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Surat Singh and anr. Vs. State of Punjab - Court Judgment

LegalCrystal Citation
SubjectCriminal
CourtSupreme Court of India
Decided On
Case NumberCriminal Appeal No. 130 of 1972
Judge
Reported inAIR1977SC705; 1977CriLJ347; (1976)4SCC311; 1977(9)LC76(SC)
ActsIndian Penal Code (IPC) - Sections 34, 302 and 324
AppellantSurat Singh and anr.
RespondentState of Punjab
Excerpt:
.....high court was justified in reversing the order of acquittal recorded in favour of the appellants by the trial court. although, his wife and daughters have not been stated to be the witnesses who saw the occurrence, the last sentence in the statement clearly shows that they were present at the time of the occurrence......candidates and gurmit singh was an akali candidate. shingara singh, father of appellant chain singh, was helping pritam singh in the election while khazan singh, the deceased, who was killed in the occurrence, was on the side of joginder singh. eventually, gurmit singh was elected. but according to the prosecution case, the family of shingara singh continued to bear a grudge against khazan singh.4. on february 28, 1969 at about 8.00 p.m. shingara singh, chain singh and surat singh are said to have gone in front of the house of khazan singh in village dhalwali dhab. shingara singh raised a lalkara and instigated chain singh to kill khazan singh. thereupon, chain singh is said to have given a spear blow on the left side of the chest of khazan singh. on receiving that blow he.....
Judgment:

N.L. Uutwalia, J.

1. This is an appeal under Section 2(a) of the Supreme Court (Enlargement of Criminal Appellate Jurisdiction) Act, 1970, by two persons who have been convicted by the High Court of Punjab and Haryana under Section 302, read with Section 34 of the Indian Penal Code, after setting aside their acquittal recorded by the trial Court. Each has been sentenced to undergo imprisonment for life.

2. The facts of the case are in a narrow compass. And the points urged by Mr. Kohli in support of the appeal, do not necessitate mentioning of all the facts in any detail.

3. In the month of February, 1969 there was an election held for electing members to the Punjab Legislative Assembly. From the constituency of the appellants and the deceased there were three contesting candidates in the field, namely: Pritam Singh, Joginder Singh and Gurmit Singh. The first two were contesting the election as independent candidates and Gurmit Singh was an Akali candidate. Shingara Singh, father of appellant Chain Singh, was helping Pritam Singh in the election while Khazan Singh, the deceased, who was killed in the occurrence, was on the side of Joginder Singh. Eventually, Gurmit Singh was elected. But according to the prosecution case, the family of Shingara Singh continued to bear a grudge against Khazan Singh.

4. On February 28, 1969 at about 8.00 p.m. Shingara Singh, Chain Singh and Surat Singh are said to have gone in front of the house of Khazan Singh in village Dhalwali Dhab. Shingara Singh raised a lalkara and instigated Chain Singh to kill Khazan Singh. Thereupon, Chain Singh is said to have given a spear blow on the left side of the chest of Khazan Singh. On receiving that blow he fell down. Appellant Surat Singh then gave two takwa (hatchet) blows on the left arm of Khazan Singh, causing simple injuries. All the three were put up on trial for causing the murder of Khazan Singh. The trial Judge acquitted them. On appeal, the High Court giving benefit of doubt to Shingara singh maintained his acquittal but convicted and sentenced to two appellants,.as stated above.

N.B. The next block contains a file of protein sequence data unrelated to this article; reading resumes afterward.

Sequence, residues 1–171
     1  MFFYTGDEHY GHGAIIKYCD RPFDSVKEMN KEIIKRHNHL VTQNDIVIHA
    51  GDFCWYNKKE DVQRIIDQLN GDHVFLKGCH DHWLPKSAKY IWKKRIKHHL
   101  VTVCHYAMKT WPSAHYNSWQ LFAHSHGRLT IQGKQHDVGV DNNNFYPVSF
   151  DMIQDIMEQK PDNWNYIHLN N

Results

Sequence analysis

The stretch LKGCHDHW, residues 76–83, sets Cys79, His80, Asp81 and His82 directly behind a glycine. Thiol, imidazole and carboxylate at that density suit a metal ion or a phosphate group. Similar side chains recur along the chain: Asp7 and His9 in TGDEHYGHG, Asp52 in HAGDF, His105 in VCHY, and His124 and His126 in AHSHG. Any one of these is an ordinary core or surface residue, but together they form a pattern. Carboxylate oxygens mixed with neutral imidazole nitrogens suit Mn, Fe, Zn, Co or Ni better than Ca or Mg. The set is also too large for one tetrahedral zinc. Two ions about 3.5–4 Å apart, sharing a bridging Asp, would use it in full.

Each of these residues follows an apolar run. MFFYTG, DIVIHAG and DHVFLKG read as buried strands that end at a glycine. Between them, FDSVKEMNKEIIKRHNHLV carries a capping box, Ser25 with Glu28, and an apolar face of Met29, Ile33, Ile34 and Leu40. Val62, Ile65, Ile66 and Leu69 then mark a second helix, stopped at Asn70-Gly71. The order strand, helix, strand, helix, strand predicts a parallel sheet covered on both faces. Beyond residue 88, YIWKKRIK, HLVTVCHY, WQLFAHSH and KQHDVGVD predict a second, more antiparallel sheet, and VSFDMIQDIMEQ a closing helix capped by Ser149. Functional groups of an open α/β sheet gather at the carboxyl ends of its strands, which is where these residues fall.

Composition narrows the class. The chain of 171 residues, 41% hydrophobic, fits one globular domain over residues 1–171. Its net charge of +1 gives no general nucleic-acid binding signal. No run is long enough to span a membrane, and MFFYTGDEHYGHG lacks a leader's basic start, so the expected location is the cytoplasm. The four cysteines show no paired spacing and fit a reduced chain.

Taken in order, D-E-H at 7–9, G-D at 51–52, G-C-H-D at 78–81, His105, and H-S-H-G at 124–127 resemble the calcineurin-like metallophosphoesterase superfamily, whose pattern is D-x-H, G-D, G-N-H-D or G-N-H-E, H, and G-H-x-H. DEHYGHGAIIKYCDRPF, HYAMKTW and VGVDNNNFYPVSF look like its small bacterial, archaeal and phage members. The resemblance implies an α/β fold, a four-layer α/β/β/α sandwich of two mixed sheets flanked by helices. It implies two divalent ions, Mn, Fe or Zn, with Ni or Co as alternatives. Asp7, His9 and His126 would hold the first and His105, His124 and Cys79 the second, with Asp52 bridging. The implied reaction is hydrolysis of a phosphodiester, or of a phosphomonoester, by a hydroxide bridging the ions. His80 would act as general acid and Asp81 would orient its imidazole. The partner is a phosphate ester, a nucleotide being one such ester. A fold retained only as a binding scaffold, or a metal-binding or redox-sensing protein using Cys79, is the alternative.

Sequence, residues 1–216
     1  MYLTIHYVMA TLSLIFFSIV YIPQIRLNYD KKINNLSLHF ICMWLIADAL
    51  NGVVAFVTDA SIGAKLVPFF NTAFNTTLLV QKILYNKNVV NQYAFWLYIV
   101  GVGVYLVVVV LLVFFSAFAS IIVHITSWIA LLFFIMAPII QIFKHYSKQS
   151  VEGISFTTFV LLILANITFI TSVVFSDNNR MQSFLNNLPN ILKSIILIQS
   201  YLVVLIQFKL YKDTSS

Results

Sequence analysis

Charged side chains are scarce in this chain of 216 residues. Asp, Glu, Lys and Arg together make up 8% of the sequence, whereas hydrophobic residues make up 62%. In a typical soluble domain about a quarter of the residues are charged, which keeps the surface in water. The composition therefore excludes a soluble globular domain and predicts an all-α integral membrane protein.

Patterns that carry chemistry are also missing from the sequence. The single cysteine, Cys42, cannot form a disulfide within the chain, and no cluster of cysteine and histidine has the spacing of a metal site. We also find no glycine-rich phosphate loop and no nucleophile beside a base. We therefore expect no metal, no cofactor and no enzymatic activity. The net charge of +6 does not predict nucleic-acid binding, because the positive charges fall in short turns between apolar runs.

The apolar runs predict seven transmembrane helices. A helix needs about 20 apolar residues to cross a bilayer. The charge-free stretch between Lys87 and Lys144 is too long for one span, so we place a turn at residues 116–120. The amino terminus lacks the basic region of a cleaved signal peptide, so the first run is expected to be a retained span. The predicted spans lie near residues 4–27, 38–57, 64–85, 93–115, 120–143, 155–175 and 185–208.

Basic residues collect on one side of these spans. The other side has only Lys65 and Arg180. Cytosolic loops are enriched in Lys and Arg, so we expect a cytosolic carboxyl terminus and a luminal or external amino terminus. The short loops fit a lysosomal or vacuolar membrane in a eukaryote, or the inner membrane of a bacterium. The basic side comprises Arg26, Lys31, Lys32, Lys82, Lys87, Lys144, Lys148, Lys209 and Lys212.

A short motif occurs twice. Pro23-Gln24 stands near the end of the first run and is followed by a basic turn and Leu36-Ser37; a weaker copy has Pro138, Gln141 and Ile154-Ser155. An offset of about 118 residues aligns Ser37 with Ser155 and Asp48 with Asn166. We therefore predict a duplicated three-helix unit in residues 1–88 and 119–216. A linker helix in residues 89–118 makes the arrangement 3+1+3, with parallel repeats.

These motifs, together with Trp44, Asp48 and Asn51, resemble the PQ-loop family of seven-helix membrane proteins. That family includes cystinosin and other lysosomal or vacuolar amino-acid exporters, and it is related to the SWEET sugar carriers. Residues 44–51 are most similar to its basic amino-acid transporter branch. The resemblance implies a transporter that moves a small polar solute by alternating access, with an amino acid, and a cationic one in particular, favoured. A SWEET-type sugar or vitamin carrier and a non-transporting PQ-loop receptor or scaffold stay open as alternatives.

5. The High Court has rested the conviction of the two appellants chiefly on the dying declaration, Exhibit P-2 and the evidence of the three eye-witnesses PW 3 Smt. Palo, wife of Khazan Singh, PW 4 Smt. Jogindro, daughter of Khazan Singh and PW 5 Piara Singh, who is also a relation of Khazan Singh. The trial Court doubted the authenticity and the correctness of the dying declaration, did not place reliance on the evidence of eye-witnesses and acquitted the accused.

6. We have heard learned Counsel for the appellant with care. We have given our due consideration to the judgment of the High Court to see whether within the well established principles of Jaw as laid down by this Court in several decisions, the High Court was justified in reversing the order of acquittal recorded in favour of the appellants by the trial Court. And we have come to the conclusion that the judgment of the High Court is right and does not call for any inference except in regard to the nature of conviction of Surat Singh.

7. After Khazan Singh was injured he was taken to Malout hospital which was at a distance of about 4 1/2 miles from the place of occurrence. He reached there round about the midnight. Dr. Bans(sic) attended on him. He, however, was careful enough to record his statement at 12.40 a.m. on March 1, 1969 before examining his injuries in detail. The statement recorded by him has been proved as Exhibit P-2 as the first dying declaration of Khazan Singh. This dying declaration is a very short one and reads as follows :

On Friday, about 7 or 8 a.m. I, Khazan Singh son of Ghula Singh, Harijan by caste, resident of village Dhalwali Dhab, came out of my house when Charan Singh son of Shingara Singh was hurling abuses while standing in front of my door Chain Singh gave a barchha blow in my abdomen and I fell down. Surat son of Asia Singh gave a takwa blow on my arm while I was lying fallen. Thereafter my wife and my daughters, etc. placed me on a cot and then they took me to Malout in a cart.